Tech giants Facebook, Google and Microsoft have released statements requesting greater transparency when it comes to gathering public data.
Submitting the requests to the US government, the companies have strongly denied any involved in operation PRISM, revealed by whistleblower Edward Snowden in July.
"Google has worked tremendously hard over the past fifteen years to earn our users’ trust," said an official company statement.
"We have always made clear that we comply with valid legal requests."
Following Google's lead, Facebook's general counsel Ted Ullyot released the following:
"As Mark [Zuckerberg] said last week, we strongly encourage all governments to be much more transparent about all programs aimed at keeping the public safe.
"In the past, we have questioned the value of releasing a transparency report that, because of exactly these types of government restrictions on disclosure, is necessarily incomplete and therefore potentially misleading to users.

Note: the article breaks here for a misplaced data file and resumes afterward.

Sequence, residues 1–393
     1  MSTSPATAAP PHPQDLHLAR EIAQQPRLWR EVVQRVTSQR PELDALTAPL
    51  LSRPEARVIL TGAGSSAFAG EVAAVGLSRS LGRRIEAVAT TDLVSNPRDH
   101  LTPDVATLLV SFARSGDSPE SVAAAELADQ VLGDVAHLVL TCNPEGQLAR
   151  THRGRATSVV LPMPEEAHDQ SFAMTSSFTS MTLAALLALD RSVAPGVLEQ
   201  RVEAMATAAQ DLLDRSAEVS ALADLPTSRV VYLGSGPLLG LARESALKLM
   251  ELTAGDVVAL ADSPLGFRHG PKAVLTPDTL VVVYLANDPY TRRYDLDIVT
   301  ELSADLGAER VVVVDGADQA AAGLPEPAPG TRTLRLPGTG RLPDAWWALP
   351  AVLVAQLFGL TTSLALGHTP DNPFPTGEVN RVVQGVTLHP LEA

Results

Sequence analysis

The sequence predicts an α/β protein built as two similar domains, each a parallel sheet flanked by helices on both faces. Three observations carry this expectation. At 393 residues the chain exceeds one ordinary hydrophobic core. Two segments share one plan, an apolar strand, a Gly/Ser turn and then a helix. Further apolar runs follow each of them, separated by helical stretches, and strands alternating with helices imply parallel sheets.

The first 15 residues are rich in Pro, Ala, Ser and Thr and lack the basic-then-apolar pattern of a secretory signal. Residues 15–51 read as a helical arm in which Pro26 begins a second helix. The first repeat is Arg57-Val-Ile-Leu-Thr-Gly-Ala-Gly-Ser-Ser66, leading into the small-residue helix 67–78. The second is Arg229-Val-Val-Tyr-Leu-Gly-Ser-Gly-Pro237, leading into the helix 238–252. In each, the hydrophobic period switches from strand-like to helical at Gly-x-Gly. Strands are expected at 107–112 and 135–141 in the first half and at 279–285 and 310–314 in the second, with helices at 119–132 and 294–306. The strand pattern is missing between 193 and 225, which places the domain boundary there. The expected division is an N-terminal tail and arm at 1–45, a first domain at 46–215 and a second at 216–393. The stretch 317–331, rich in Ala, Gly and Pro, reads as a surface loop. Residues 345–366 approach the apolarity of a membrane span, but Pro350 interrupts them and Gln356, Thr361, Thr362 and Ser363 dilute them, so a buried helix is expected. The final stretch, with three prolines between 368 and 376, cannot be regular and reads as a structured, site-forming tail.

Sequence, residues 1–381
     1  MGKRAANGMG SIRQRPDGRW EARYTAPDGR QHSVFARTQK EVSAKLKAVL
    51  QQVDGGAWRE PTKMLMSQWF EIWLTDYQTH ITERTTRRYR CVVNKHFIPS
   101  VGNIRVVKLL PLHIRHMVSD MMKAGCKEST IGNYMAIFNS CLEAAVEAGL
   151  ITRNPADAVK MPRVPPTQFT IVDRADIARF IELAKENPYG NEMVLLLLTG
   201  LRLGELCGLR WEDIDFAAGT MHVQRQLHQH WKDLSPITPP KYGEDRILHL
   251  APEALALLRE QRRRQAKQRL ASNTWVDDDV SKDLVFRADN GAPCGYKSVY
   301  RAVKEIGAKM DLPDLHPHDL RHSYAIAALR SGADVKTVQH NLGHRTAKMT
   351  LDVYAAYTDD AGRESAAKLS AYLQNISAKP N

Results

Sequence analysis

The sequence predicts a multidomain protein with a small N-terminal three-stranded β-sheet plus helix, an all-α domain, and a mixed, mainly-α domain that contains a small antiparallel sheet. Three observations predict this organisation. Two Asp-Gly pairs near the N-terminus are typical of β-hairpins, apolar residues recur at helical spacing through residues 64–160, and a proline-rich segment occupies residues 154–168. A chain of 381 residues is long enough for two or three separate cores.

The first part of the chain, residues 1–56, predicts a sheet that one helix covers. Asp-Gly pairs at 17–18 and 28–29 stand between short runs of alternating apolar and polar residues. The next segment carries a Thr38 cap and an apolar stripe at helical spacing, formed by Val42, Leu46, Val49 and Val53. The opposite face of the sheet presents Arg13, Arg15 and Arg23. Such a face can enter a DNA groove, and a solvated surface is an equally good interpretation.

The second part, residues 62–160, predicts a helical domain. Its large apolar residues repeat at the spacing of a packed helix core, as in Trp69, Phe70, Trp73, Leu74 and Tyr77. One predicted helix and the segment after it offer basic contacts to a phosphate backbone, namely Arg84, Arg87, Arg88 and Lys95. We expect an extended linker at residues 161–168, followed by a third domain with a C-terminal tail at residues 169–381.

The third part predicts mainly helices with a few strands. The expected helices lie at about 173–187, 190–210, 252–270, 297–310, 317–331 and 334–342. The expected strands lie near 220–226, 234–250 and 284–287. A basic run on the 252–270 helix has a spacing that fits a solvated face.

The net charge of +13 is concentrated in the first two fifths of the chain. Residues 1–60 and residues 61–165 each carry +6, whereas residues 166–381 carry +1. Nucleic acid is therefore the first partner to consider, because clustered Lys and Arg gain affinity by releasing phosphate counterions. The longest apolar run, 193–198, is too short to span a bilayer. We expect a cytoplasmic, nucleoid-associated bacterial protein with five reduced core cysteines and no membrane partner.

"We would welcome the opportunity to provide a transparency report that allows us to share with those who use Facebook around the world a complete picture of the government requests we receive, and how we respond.
"We urge the United States government to help make that possible by allowing companies to include information about the size and scope of national security requests we receive, and look forward to publishing a report that includes that information."
Microsoft added their name to the mix also, telling Reuters:
"Permitting greater transparency on the aggregate volume and scope of national security requests, including FISA (Foreign Intelligence Surveillance Act) orders, would help the community understand and debate these important issues."